Calf Muscle Pain Case Onboard
By Dr. Abeer Arangodan and Dr. Mildred Archbold
Aches and pains can account for 50% of medical consultations seen onboard. Considering the case presentations of only crewmembers, this particular chief complaint can account for more than 80% of consultations. A majority of these cases improve with simple NSAID prescriptions and rest. However, other serious entities should be kept in mind when treating apparent musculoskeletal pain onboard. We present one such case which reported to our medical center aboard Ovation of Seas on a Royal Caribbean Group ship.
A 47-year-old crewmember presented to our medical center with a 3-day history of bilateral calf muscle pain. She said that she was working out on a treadmill and an elliptical exercise machine for one week, in an effort to lose weight. She was prescribed Amlodipine and HCTZ for hypertension, omeprazole for the treatment of GERD for many years, and Levothyroxine for hypothyroidism. Her HCTZ was stepped up from 12.5 to 25 mg 2 weeks earlier because of stage 2 hypertension on multiple measurements. Thereafter, she started a regular exercise regimen out of concern for obesity.
On examination, she appeared well, with normal speech and mental status. Her vital signs were normal. There was mild tenderness over her calf muscles without swelling. All movements were normal. Hoffman’s sign was negative. Dorsalis pedis pulsations were bilaterally symmetrical.
A CBC and a D-dimer were obtained, which were normal. She was prescribed Naproxen 500 mg BID and was asked to follow up after three days.
The same night, she called the nurse on duty and was complaining of palpitations. The nurse assessed her and informed the doctor on duty about her symptoms. Her physical examination remained normal. Her EKG showed a normal sinus rhythm, with no ST-T wave changes, nor prominent U waves, but her QTC interval was 498. Her electrolytes were drawn, which showed a potassium of 2.8 mmol. She was treated with infusions of IV KCL 40 mMol over 5 hours, and IV MgSO4, 2 grams over 15 minutes. A repeat EKG showed a QTC of 420. Repeat potassium was done after 6 hours which showed a potassium of 3.3. She was then started on oral potassium 48 MEQ per day (2 tabs of 8 MEQ every eight hours) for 24 hours and a repeat potassium was drawn 24 hours later, which showed a normal potassium. An EKG was also repeated 24 hours later, which was also normal. (Normal sinus rhythm, no ST-T wave changes, normal QTC). Her HCTZ was stopped, and she was started on Losartan 50 mg. Her potassium was then repeated 3 days later and was found to be normal.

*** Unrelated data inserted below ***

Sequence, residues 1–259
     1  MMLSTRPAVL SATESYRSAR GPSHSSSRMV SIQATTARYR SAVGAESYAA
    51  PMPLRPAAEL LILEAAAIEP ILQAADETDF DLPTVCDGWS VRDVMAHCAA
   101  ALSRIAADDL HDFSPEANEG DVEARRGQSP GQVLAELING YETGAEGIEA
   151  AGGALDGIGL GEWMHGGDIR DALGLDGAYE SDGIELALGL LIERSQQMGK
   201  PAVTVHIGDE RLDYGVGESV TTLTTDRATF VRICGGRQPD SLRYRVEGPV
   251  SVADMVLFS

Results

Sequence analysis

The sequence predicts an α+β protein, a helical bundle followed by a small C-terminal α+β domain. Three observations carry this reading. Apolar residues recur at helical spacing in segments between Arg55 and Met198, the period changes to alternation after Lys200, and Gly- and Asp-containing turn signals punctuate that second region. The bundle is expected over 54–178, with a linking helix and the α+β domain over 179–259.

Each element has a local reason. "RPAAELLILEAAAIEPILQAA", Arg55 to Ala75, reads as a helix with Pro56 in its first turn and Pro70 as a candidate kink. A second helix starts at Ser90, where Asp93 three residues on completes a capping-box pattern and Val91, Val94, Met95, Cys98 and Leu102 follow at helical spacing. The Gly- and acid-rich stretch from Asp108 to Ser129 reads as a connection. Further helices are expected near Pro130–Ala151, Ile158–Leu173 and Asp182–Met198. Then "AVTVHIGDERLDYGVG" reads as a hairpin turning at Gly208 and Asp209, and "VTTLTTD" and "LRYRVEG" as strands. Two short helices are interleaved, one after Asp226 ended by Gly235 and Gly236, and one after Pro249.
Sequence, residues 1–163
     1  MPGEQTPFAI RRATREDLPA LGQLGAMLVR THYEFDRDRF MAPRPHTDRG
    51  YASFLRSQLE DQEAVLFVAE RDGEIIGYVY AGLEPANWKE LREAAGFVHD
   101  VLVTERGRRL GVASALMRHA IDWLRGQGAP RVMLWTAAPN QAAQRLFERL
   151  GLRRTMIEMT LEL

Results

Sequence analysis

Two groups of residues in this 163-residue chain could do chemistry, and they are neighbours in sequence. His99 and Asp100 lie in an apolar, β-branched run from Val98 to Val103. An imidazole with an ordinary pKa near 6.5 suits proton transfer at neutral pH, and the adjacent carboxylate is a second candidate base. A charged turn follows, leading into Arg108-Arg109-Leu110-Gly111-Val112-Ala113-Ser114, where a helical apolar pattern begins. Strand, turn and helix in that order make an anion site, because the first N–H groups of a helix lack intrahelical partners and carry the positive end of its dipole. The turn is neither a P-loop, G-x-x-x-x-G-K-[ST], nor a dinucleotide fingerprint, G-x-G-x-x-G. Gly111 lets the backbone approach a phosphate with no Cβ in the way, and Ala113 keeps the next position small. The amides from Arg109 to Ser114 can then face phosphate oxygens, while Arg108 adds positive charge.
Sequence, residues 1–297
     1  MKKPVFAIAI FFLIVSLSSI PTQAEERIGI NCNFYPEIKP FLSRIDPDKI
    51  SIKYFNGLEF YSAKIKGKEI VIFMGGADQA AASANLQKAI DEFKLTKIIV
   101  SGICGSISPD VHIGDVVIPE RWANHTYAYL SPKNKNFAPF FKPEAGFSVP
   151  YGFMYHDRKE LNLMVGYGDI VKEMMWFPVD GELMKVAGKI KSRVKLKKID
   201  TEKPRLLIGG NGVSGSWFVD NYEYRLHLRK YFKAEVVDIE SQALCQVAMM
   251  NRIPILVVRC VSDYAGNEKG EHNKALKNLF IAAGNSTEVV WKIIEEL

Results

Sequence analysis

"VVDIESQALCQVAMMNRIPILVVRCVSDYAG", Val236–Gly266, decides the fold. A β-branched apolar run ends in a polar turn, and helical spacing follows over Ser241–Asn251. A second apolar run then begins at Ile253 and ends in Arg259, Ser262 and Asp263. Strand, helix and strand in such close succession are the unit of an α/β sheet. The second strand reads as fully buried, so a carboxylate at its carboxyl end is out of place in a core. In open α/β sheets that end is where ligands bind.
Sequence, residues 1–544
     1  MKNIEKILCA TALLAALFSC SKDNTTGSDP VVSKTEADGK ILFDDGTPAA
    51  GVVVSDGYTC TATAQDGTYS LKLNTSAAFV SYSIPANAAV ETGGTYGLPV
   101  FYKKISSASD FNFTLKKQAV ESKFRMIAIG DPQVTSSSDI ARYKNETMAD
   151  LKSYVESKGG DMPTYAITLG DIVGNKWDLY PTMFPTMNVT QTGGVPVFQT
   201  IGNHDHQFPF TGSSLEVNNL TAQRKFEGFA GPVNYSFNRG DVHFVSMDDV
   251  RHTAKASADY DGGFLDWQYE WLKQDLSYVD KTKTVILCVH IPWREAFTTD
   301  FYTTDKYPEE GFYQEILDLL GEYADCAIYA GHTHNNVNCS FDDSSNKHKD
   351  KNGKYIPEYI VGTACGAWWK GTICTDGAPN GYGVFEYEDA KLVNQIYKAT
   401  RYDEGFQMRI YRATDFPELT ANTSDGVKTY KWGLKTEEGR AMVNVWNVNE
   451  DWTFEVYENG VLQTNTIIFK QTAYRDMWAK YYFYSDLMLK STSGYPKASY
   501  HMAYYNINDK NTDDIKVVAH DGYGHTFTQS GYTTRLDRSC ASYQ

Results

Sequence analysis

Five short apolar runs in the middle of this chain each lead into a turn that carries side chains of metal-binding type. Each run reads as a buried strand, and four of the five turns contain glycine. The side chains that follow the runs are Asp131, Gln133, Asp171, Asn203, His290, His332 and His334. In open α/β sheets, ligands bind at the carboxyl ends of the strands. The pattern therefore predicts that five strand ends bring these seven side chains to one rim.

A diagnosis of diuretic (HCTZ) induced hypokalemia and hypomagnesaemia was made, causing calf muscle pain. The hypomagnesaemia was causing QT prolongation (498ms in this case (normal = 480ms). A QTC interval of 500 can cause fatal arrhythmias, including Torsade de Pointes. Hypomagnesaemia can also be caused by chronic omeprazole therapy.1-3 In this case, our crewmember had at least two risk factors for hypomagnesaemia.
It is advised to consider and investigate electrolyte imbalance as a cause of calf muscle pain, especially in persons with high risk factors for hypomagnesaemia (eg. diuretic therapy, chronic omeprazole therapy1-3). HCTZ is a common medication prescribed to treat hypertension on board. However, it is well known to cause electrolyte imbalance and hence it is advised to test for electrolytes when reviewing crew members on HCTZ.
- Systematic review: hypomagnesaemia induced by proton pump inhibition. Hess MW, Hoenderop JG, Bindels RJ, Drenth JP. Aliment Pharmacol Ther. 2012 Sep;36(5):405-13. Epub 2012 Jul 4
- Proton-pump inhibitors and hypomagnesemic hypoparathyroidism. Epstein M, McGrath S, Law F. N Engl J Med. 2006;355(17):1834.
- Hypomagnesemia induced by several proton-pump inhibitors. Broeren MA, Geerdink EA, Vader HL, van den Wall Bake AW. Ann Intern Med. 2009;151(10):755